Why I Tell My Grandfather’s Story Every Remembrance Day

It’s not a matter of me being boring; it’s simply that I was and still am so very proud of my grandfather Vernon C. Clark—a very brief holder of the Victoria Cross.

Vernon C Clark GravesiteJon Vopni
The final resting place of Vernon C. Clark and his wife, Gladys.

In 1914, during the First World War, my grandfather Vernon C. Clark, like almost everyone 18 and older in those days, joined the Canadian Army to fight overseas. He was a small man and enlisted as a mechan­ic. When reporting for first line of duty, he mentioned that he was raised on a farm; he was assigned to the calvary because the line of thinking back then was: farm = horses. Horses were still used to move artillery in the Great War.

He was not pleased, as you could well expect, for two reasons: first, because he was a mechanic, not a farmer; and second, because the enemy would always shell the calvary first upon any major attack, as they sought to immobilize the artillery units during battle.

During one of his first stints of action, he was surprised to learn just how strong the attack of bombshells actually was, even after hearing all the stories. He fought in some of the biggest battles on the Western Front: Verdun, Vimy Ridge, Somme, and the battles of Ypres and Amiens.

Near the end of the war, as British and Allied forces slowly pushed back the Ger­man Army, the Germans made a surprise counterattack in hopes of delaying the Al­lied forces. The German artillery unit gave it all they had. Several shells landed very close to my grandfather’s unit; one even caused a piece of shrapnel to end up in his foot, something that would affect him for the rest of his life. He was taken to the infirm­ary, where it was confirmed his foot was so bad that he was proclaimed as no longer fit for duty, and subsequently sent home.

On the ship back home to Canada, my grandfather lay in the infirmary and was placed in a private area separate from all the other wounded. There seemed to be a nurse attending to his every wish. Many soldiers saluted him as they passed his bunk; he had no idea why. Plus, he was get­ting preferential treatment compared with the other wounded soldiers. This, too, was very puzzling to him. He was being given steak and wine with his meals and was always served before everyone else. No one was complaining about him being served first and he had a private nurse!

Finally, my grandfather asked the nurse why he was being treated like a king when so many others seemed to be much worse off than he was. The nurse looked at him like he was crazy and told him that this was the way they treated all Victoria Cross recipients.

Vernon With Son RichardFamily collection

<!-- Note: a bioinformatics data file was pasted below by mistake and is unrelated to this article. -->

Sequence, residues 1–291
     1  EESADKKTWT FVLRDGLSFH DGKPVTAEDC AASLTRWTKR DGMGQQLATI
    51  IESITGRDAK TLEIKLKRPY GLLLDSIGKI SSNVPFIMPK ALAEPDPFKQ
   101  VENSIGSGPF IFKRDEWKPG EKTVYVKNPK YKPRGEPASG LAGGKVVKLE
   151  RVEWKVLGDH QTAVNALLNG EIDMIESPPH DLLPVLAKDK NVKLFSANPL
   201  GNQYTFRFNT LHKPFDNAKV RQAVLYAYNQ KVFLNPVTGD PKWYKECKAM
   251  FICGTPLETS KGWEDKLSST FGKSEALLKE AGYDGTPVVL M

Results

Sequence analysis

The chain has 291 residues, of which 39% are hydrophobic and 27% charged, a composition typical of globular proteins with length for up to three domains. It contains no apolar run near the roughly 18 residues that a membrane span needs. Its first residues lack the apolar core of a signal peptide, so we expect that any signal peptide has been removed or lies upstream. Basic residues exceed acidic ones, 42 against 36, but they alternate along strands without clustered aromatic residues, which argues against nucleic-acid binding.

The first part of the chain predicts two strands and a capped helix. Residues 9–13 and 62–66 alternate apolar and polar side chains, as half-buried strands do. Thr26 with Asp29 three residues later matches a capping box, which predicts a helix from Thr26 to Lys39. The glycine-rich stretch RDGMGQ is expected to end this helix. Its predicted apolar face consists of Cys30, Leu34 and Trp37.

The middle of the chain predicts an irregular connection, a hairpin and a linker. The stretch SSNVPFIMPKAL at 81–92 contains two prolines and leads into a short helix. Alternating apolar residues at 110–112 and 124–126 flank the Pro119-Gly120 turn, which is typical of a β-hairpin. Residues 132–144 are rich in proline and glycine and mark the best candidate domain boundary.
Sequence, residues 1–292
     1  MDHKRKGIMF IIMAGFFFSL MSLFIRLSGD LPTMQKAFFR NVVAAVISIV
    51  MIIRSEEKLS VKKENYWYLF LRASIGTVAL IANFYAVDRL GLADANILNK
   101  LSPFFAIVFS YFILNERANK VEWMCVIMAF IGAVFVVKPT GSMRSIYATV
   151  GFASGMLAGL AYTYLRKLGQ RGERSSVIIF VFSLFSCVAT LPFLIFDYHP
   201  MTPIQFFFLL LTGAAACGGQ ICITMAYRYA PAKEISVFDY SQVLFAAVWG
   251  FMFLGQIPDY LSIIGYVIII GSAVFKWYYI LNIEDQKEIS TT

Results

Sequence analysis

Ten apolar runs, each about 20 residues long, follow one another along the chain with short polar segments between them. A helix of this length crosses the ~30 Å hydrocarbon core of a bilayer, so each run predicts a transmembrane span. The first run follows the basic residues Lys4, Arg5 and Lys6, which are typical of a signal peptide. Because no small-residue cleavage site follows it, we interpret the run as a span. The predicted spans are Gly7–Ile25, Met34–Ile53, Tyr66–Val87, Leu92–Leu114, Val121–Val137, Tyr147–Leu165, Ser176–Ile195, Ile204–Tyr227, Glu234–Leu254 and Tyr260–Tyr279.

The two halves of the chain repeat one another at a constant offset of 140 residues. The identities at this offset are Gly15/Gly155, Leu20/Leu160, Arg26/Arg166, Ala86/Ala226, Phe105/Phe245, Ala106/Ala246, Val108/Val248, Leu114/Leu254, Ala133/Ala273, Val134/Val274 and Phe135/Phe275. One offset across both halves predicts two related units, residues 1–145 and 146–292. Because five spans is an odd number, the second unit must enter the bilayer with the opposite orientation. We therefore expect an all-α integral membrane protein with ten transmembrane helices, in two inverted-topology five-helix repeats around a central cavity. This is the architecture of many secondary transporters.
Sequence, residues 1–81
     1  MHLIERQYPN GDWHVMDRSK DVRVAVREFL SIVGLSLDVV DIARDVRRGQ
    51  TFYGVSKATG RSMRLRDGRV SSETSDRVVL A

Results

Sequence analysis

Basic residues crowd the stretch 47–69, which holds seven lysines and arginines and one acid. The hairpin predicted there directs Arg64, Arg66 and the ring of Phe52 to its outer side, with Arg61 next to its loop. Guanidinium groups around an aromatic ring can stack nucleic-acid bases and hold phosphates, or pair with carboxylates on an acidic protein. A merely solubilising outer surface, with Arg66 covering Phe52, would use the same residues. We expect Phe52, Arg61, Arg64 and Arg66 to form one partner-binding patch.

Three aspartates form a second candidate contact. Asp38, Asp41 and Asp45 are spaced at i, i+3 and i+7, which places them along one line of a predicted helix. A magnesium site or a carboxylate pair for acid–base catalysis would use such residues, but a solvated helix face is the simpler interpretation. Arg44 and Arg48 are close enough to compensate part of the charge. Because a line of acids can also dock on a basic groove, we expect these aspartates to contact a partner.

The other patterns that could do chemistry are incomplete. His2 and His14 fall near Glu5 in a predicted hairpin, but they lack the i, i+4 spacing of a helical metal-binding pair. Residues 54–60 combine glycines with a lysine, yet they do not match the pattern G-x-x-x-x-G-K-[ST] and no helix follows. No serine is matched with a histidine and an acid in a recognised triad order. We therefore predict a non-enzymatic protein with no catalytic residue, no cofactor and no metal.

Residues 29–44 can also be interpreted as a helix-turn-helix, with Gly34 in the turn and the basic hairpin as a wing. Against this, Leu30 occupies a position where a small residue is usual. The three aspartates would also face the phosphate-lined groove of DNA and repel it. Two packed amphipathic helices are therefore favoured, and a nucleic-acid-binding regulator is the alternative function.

Vernon with his son Richard in a photo from 1954.

You may be aware that the Victoria Cross (VC) is the highest military decoration that is or has been awarded for valour “in the face of the enemy” to members of the armed forces of various Commonwealth countries and previous British Empire territories. It’s the highest of all the orders, decorations and medals. It may be awarded to a person of any rank in any service, as well as to civil­ians under military command.

The name tag on the bed that my grand­ father lay in read “Vernon Clark—VC” in­ stead of simply “Vernon C. Clark.” Someone had made a mistake with the sign!

He quickly realized that everyone must think he had been awarded the Victoria Cross, and he also realized that he had hit the jackpot! Suddenly his foot felt a whole lot better.

But soon, his conscience got the best of him. If you ever knew my grandfather, you would know that he was a very honest man. During his tour of duty, he witnessed atrocities of war that you and I could not begin to imagine. He saw how so many of the other wounded soldiers on the same ship were much worse off than himself. So when his next meal arrived exactly on time, as usual, he owned up to this error to the nurse. He told her that the name tag was correct but that someone had made a mistake in adding “VC” to the end—he had not been awarded the fa­bled Victoria Cross.

The nurse looked very surprised but then began smiling. She told him that they were almost at their destination of St. John’s, Newfoundland, therefore no one needed to be the wiser. So my grand­father continued to have his steak and wine and to be saluted vigorous­ly by many higher-­ranking soldiers. And although his nurse was not as attentive as she had been previously, she would often pass his bunk and throw him a knowing wink.

Vernon Smoking PipeRobert Vopni
Vernon in the late 1970s, quietly smoking his pipe.

Vernon C. Clark lived to 94 years. As a result of that war injury, he had to wear a special shoe for most of his life. On his 80th birthday, he received the standard commemoration letter from then-­Mayor of Toronto David Crombie, then­-Premier of Ontario William Davis and then-Prime Minister Pierre Elliot Trudeau, honouring veterans who’d fought in the great wars.

I have been telling this story every Re­membrance Day since my grandfather, whom we called Poppa, first told it to me in 1974. (Of course, some of the details may have been slightly off, as there was a bottle of Dewar’s blended scotch whiskey on the table as Poppa told me the story.)

If you’re around me on the 11th of Nov­ember this year, you may hear me retelling my grandfather’s Victoria Cross story once again. If so, please forgive me: It’s not a matter of me being boring; it’s simply that I was and still am so very proud of my grandfather Vernon C. Clark—a very brief holder of the Victoria Cross. I can’t begin to tell you how much I miss him, especially every November 11.

God bless you, Poppa.

Check out more Remembrance Day stories honouring Canadian veterans.

Originally Published in Our Canada